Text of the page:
The high count of Oystercatchers for the week was 22 on the 1st. A single Woodcock was startled from St Helen’s Copse on the 31st. One Jack Snipe and two Snipe were flushed from Pondsbury on the 1st, with a further 3 Snipe sighted on the 5th.

In terms of sea-watching, Kittiwakes were less frequent than the previous week, with a high of 100 on the 30th. The larger gulls are starting to return to their breeding colonies, with peaks of 13 Great Black-backs and 370 Herring Gulls counted on the 1st. Seven Lesser Black-backed Gulls were also sighted amongst the gull flocks on the 1st.

Auks too are returning in greater numbers to their ledges. At Jenny’s Cove, 206 Guillemots and 63 Razorbills were present on the 31st, along with 100 Fulmar. Mixed-species rafts have started to congregate off Benjamin’s Chair, with 297 ‘auk spp.’ counted on the 4th. Shag numbers rose considerably on the 5th, reaching a total of 25.

Raptors were a regular sighting throughout the week, with the more frequent Sparrowhawk, Merlin and Peregrines being joined by a single Kestrel on the 30th. The long-staying Jackdaw extended its visit, joining a feeding flock of 33 Carrion Crows in Barton Field on the 1st.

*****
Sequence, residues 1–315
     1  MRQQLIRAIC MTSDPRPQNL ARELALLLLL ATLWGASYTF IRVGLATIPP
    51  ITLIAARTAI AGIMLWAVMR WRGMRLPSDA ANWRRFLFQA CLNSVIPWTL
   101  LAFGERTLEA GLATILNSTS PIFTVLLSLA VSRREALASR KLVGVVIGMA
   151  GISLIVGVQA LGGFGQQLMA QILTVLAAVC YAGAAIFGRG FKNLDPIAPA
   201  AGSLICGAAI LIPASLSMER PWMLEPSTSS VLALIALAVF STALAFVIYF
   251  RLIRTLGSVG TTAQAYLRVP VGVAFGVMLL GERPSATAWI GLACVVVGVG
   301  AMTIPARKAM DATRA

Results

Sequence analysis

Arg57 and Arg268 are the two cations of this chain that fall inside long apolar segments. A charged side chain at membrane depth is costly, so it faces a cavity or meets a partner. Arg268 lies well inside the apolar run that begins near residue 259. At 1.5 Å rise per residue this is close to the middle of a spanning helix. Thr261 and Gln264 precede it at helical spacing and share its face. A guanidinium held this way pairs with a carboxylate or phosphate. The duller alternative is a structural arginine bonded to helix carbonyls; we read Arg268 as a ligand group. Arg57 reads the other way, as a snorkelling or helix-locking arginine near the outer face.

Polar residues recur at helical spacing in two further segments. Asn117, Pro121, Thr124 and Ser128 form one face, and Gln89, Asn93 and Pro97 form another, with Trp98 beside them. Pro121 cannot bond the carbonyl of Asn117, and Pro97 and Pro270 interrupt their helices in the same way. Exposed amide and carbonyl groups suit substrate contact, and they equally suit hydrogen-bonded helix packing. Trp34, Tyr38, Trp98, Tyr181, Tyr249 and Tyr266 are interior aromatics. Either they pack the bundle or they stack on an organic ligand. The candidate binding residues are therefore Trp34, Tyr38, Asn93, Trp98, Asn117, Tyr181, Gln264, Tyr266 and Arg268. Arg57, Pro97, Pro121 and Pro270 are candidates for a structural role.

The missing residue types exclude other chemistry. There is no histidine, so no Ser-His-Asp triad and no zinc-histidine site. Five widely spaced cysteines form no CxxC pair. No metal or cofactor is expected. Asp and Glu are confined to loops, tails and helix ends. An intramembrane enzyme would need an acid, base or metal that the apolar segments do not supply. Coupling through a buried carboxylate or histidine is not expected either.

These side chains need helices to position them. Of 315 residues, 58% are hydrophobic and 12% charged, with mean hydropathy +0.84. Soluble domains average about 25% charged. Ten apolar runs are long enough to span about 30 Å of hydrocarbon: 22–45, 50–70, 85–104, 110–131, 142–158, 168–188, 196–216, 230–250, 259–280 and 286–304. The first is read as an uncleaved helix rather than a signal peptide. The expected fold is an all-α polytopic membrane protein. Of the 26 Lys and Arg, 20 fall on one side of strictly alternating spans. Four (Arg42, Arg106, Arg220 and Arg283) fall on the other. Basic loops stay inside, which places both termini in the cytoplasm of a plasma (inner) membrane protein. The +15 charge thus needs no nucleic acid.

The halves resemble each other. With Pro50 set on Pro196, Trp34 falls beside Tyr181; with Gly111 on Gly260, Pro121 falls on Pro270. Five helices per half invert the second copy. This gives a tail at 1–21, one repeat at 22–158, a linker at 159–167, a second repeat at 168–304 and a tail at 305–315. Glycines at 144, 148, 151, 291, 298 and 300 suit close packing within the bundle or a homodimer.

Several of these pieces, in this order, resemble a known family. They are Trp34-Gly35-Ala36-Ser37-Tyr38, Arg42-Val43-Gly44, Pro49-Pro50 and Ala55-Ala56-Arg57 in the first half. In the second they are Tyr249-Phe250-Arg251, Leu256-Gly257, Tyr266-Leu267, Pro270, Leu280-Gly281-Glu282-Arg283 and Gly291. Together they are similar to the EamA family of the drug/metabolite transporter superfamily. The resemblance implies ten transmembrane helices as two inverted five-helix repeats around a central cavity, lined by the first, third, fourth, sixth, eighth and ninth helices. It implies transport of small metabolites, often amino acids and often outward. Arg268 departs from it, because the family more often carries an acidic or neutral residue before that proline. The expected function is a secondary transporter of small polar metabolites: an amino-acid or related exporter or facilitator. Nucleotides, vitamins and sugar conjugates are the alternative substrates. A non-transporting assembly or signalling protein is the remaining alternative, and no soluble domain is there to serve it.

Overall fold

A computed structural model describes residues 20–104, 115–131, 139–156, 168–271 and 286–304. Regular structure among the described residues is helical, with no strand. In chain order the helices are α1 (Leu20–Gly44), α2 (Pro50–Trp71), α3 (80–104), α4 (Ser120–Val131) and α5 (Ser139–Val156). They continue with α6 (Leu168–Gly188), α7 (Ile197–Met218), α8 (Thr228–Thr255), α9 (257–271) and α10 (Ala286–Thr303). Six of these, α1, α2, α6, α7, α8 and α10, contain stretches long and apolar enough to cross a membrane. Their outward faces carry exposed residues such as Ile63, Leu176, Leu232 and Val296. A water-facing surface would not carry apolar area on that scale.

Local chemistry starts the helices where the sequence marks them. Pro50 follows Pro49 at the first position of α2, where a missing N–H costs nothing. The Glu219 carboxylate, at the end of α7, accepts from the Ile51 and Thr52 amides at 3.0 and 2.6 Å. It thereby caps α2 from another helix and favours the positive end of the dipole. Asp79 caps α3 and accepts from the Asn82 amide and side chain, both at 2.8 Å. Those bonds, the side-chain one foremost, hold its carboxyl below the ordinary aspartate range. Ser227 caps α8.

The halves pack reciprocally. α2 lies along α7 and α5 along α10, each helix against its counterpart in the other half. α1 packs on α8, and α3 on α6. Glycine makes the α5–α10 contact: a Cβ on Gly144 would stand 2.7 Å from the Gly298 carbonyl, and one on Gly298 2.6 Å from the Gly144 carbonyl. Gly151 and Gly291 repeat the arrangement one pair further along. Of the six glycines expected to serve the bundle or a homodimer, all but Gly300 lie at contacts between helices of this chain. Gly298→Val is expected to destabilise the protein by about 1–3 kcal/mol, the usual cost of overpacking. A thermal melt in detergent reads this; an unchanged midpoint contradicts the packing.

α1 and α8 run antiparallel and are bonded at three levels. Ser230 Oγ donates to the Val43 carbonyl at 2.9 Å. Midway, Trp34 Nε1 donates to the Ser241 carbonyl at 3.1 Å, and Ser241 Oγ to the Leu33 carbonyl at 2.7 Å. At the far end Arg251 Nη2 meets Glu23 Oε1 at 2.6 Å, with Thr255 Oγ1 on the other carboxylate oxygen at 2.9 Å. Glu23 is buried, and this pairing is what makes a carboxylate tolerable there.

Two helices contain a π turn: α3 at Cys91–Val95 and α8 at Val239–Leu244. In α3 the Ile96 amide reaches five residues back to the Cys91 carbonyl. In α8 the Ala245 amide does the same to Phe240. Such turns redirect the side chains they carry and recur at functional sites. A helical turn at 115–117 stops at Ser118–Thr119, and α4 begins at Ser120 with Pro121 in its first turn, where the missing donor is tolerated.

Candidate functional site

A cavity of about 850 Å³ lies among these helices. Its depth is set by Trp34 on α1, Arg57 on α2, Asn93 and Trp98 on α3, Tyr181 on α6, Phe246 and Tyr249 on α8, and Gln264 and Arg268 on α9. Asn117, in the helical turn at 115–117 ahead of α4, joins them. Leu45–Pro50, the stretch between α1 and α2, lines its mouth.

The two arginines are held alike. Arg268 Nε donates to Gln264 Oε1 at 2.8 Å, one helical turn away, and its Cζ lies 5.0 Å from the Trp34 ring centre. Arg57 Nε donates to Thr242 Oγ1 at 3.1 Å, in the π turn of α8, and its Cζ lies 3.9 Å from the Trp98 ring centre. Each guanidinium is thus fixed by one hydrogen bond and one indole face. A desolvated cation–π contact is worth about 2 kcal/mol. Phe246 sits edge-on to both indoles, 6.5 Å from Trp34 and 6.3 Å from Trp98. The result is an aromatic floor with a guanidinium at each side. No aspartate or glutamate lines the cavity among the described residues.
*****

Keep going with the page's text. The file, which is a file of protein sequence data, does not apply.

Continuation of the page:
More Skylarks made an appearance: one on the 1st and four on the 5th, the latter date including the first singing bird of the year. The small flock of Goldcrests at Quarter Wall Copse were joined by the first Firecrest of the year on the 31st, flitting rapidly through the trees as if in a feeding frenzy. A Black Redstart was seen briefly at Benjamin’s Chair on the 1st – perhaps it has been hiding down there all winter. A single Redwing was present on the 5th, along with a single Pied Wagtail. A ‘fly-over’ Siskin was recorded on the 1st, whilst at least 6 Linnets were heard (and seen!) flying over on the 5th. These small movements inspire hope of the faint beginnings of the upcoming spring passage. It will be exciting to see what the next week brings!

Contributors: Stuart Cossey, Rosie Ellis & Eleanor Grover.

Finally, as many regular readers of the blog will already have seen on social media, we are delighted to confirm that Lundy was officially accredited as a Bird Observatory at the AGM of the Bird Observatories Council, held at BTO headquarters in Thetford on 4th February.